Southeast Community College Article

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Southeast Community College sign in Lincoln, Nebraska

Southeast Community College (SCC) is a community college system located in the southeast portion of Nebraska. [1]


The college includes three campuses and more than 20 off-campus sites in 15 counties. The campuses are located in the following cities:

SCC-Lincoln includes three main locations, all located off O Street. The campus at 8800 and 1111 streets is open to all students, while the Continuing Education Center at 68th Street Place is intended mainly for alumni, business professionals and entrepreneurs, and features classes, workshops and seminars. City buses transport some students between the primary campus and Energy Square.

SCC also offers online learning for more than 300 courses each term.

Transfer program

The two-year Academic Transfer program is popular amongst students wanting to get their general education requirements completed before moving to a four-year institution as a Junior. UNL is the most popular transfer location for SCC Academic Transfer students, and SCC is UNL's largest feeder. There is a 1:1 class credit transfer ratio between SCC and UNL, with SCC quarter credits being translated into the equivalent of UNL semester credits. Other popular transfer locations include Doane and Nebraska Wesleyan.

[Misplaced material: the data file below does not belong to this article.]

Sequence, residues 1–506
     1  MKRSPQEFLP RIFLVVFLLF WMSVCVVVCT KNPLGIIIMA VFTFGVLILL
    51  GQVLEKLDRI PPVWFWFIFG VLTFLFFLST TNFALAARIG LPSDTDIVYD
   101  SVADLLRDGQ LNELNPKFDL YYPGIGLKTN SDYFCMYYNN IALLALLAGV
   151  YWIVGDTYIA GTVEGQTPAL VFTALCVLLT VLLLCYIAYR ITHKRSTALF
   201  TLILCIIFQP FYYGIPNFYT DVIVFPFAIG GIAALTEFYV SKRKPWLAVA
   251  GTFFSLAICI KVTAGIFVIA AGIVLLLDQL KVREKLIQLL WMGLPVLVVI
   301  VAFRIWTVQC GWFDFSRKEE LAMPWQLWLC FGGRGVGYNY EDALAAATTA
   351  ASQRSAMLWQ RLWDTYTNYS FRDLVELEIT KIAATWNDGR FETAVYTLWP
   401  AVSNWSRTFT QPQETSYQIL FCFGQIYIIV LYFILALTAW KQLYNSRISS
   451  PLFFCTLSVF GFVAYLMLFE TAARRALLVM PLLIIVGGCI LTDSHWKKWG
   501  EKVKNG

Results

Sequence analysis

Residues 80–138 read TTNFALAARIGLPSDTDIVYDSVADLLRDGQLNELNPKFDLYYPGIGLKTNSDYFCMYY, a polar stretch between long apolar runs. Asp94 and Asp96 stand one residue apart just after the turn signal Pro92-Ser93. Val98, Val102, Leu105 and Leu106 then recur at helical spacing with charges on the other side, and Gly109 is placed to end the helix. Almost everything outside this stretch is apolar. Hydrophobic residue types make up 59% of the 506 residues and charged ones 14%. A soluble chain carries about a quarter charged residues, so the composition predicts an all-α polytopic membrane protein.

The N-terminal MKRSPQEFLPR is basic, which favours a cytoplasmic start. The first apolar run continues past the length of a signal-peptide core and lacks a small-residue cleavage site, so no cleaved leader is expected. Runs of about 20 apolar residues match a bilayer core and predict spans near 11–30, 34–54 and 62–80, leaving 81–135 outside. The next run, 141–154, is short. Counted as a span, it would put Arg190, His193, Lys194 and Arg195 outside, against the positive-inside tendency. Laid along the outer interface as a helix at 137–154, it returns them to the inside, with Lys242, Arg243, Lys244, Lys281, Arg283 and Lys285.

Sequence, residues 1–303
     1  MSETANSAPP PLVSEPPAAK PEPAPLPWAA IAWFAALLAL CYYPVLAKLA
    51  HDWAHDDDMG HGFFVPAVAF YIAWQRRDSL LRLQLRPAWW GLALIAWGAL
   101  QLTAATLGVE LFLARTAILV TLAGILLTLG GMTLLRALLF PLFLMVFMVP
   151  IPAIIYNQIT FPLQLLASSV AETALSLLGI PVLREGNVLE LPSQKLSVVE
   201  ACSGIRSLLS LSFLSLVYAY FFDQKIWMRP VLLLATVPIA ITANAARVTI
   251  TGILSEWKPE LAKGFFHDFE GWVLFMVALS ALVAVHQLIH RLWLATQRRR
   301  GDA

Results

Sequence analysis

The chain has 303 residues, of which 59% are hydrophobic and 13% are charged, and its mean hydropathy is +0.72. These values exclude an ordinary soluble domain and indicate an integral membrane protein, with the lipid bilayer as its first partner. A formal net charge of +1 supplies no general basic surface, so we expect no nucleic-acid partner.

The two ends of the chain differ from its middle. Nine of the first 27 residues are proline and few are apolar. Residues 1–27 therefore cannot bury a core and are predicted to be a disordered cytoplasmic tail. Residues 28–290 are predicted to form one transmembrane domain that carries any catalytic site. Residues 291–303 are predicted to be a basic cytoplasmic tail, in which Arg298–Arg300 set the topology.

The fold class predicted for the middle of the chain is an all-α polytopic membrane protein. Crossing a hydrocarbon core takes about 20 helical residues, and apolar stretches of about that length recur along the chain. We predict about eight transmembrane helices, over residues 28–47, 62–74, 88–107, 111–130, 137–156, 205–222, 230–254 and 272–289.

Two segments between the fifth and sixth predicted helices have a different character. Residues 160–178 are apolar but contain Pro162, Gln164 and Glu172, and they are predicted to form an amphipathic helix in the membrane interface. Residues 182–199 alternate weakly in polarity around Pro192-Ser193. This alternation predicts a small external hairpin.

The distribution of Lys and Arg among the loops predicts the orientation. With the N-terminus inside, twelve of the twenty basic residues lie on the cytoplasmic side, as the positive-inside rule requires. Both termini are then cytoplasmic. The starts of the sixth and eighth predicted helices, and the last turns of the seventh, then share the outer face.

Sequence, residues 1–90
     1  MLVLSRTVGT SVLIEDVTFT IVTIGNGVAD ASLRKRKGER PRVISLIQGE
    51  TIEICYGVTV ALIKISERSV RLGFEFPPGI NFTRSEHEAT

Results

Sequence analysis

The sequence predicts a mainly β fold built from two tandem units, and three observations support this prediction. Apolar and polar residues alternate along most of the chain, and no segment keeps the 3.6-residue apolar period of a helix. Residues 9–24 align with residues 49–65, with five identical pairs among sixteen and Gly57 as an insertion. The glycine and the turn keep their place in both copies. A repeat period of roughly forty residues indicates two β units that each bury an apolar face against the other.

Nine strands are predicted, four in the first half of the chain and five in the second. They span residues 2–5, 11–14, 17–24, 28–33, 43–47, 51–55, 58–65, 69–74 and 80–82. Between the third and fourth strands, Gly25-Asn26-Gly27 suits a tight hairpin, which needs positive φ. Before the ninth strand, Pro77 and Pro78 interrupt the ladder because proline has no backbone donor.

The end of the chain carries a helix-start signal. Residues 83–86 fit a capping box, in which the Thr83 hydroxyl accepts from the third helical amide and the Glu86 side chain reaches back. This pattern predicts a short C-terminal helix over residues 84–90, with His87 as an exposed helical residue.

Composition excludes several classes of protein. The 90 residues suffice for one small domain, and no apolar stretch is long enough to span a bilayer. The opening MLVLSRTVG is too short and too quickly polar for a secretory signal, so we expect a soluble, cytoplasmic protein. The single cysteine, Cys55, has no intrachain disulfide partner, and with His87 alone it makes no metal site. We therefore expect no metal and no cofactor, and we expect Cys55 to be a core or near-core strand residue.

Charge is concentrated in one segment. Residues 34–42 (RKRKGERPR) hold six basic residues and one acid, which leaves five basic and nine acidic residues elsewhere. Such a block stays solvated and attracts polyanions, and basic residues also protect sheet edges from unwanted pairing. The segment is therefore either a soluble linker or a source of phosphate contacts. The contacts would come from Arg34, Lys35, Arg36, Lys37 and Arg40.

SCC originally opened in 1941 as Fairbury Junior College in Fairbury, Nebraska, suspending operations during World War II and reopening in 1946. Southeast Community College was organized in 1973 with campuses in Fairbury, Lincoln, and Milford. In 1975, Southeast took over the Beatrice campus of John J. Pershing College, which had closed in 1971. In 1980, the agriculture program moved from the Milford campus to Beatrice. In 1986, the original Fairbury location was shuttered and merged into the Beatrice campus. [2]

Notable people


  1. ^ "About SCC - Southeastern Community College". Southeastern Community College. Retrieved 2016-12-30.
  2. ^ "About SCC". Southeast Community College. Retrieved May 12, 2014.

External links